Foster and adoptive mom, Peg, shares how she learned to take a different approach in caring for her children in order to help them heal and thrive.
“It’s very difficult when you have a teenager who is walking around the house cussing and swearing at you and following you from room to room. It’s pretty challenging sometimes. And when you’re in that situation and can’t get away from it . . . I actually thought I was going crazy. I thought I wasn’t doing the right things because we thought, you know if you give them a nice house and you give them lots of love and everything will be okay. But we didn’t address all this stuff they had been through.
“Back when we adopted our first two, probably like 30 years ago, people didn’t understand what trauma meant for kids and what that entailed. And so we lived in an era of if you control your child—that’s about what a parent’s supposed to do, is control your child—you’re a good parent. And what happens with our kids that have been traumatized, [is] they want the control. And so it’s, it’s just a power struggle. It’s just a fight.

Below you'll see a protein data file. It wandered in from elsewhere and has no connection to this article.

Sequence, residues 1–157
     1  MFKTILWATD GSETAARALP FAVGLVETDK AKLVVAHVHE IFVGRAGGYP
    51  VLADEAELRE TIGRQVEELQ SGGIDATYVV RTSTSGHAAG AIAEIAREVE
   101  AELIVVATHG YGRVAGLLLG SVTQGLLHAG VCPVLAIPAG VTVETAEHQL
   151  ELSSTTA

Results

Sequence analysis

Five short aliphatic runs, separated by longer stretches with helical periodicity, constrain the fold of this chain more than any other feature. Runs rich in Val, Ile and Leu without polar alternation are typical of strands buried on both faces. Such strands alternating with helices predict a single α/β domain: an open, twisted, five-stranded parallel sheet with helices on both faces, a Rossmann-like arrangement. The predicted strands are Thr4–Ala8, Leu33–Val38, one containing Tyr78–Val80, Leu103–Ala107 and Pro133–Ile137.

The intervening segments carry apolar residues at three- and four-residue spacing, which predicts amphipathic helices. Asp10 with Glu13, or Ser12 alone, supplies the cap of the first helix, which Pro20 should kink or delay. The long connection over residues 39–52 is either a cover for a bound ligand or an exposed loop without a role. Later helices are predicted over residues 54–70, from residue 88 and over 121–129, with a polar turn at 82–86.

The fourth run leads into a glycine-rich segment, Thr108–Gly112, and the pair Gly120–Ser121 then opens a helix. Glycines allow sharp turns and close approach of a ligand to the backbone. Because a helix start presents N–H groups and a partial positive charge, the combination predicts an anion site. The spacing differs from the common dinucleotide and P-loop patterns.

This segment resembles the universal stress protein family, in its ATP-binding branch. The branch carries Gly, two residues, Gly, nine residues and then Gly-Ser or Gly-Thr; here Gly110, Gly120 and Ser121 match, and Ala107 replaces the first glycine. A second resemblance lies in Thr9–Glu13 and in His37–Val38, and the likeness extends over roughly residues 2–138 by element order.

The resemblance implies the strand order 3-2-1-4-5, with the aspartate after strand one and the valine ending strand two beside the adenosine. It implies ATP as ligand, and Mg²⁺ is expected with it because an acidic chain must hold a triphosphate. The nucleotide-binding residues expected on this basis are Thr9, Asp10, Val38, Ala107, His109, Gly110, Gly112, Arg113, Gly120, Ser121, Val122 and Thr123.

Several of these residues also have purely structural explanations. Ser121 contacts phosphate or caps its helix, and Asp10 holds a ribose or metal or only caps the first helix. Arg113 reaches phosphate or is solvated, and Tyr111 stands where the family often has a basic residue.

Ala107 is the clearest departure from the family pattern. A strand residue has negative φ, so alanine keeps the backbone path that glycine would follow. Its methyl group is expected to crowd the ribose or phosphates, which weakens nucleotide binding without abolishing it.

“Um, our daughter was pretty violent. Um, throwing things at me, attacking me, oppositional kind of behaviors where she was, you know, smashing the doors . . . When a child is struggling, we need to figure out why they’re struggling and not take it as a personal attack. Because what they do oftentimes is try to sever that relationship with you through being really mean and nasty. What we figured out with my daughter is she was going to throw away the people before they could throw her away. She was gonna get rid of you before you could hurt her and throw her away, but we never gave up.
“Trauma-informed parenting is really stepping back and taking a different approach to parenting, understanding their behaviors and why they’re acting out and how the brain changes when a child is traumatized and getting new tools in your toolbox to help you be able to help your child and take pride in those little moments. You know that and realize that you are making a difference.
“Well, I got a letter from one of my daughter’s teachers just saying how amazing she was and how she helped out and did everything, and it was this fancy card she took time to make and I went, okay, we’re okay. We’re doing something right. My kids are amazing. They’re, they’re wonderful and they’re worth every second.”Transcript